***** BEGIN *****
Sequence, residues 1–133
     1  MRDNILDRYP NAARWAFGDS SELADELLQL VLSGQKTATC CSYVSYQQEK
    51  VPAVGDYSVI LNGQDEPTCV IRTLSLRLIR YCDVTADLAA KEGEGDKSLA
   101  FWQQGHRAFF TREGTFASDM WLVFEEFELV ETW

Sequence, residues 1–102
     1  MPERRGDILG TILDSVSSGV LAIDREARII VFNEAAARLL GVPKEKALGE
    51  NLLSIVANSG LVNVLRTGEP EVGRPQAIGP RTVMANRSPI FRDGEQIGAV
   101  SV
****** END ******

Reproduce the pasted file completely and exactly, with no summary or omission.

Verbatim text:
Sequence, residues 1–133
     1  MRDNILDRYP NAARWAFGDS SELADELLQL VLSGQKTATC CSYVSYQQEK
    51  VPAVGDYSVI LNGQDEPTCV IRTLSLRLIR YCDVTADLAA KEGEGDKSLA
   101  FWQQGHRAFF TREGTFASDM WLVFEEFELV ETW

Sequence, residues 1–102
     1  MPERRGDILG TILDSVSSGV LAIDREARII VFNEAAARLL GVPKEKALGE
    51  NLLSIVANSG LVNVLRTGEP EVGRPQAIGP RTVMANRSPI FRDGEQIGAV
   101  SV